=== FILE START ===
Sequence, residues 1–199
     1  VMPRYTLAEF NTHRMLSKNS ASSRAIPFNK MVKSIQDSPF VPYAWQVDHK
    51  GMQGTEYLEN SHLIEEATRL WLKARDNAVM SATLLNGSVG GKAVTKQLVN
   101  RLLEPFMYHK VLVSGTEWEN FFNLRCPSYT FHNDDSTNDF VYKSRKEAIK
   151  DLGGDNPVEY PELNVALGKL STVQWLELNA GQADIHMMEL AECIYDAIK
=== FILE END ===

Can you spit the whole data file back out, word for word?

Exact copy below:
Sequence, residues 1–199
     1  VMPRYTLAEF NTHRMLSKNS ASSRAIPFNK MVKSIQDSPF VPYAWQVDHK
    51  GMQGTEYLEN SHLIEEATRL WLKARDNAVM SATLLNGSVG GKAVTKQLVN
   101  RLLEPFMYHK VLVSGTEWEN FFNLRCPSYT FHNDDSTNDF VYKSRKEAIK
   151  DLGGDNPVEY PELNVALGKL STVQWLELNA GQADIHMMEL AECIYDAIK